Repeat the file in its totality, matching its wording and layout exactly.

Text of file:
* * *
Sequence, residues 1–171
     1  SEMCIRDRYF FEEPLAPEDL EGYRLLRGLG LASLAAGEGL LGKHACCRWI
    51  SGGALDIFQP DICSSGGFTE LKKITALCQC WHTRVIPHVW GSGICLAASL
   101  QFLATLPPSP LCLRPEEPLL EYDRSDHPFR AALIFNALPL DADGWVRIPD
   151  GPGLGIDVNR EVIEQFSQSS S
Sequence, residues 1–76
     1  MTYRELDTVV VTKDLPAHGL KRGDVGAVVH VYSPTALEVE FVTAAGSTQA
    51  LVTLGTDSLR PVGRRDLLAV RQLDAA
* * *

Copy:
Sequence, residues 1–171
     1  SEMCIRDRYF FEEPLAPEDL EGYRLLRGLG LASLAAGEGL LGKHACCRWI
    51  SGGALDIFQP DICSSGGFTE LKKITALCQC WHTRVIPHVW GSGICLAASL
   101  QFLATLPPSP LCLRPEEPLL EYDRSDHPFR AALIFNALPL DADGWVRIPD
   151  GPGLGIDVNR EVIEQFSQSS S
Sequence, residues 1–76
     1  MTYRELDTVV VTKDLPAHGL KRGDVGAVVH VYSPTALEVE FVTAAGSTQA
    51  LVTLGTDSLR PVGRRDLLAV RQLDAA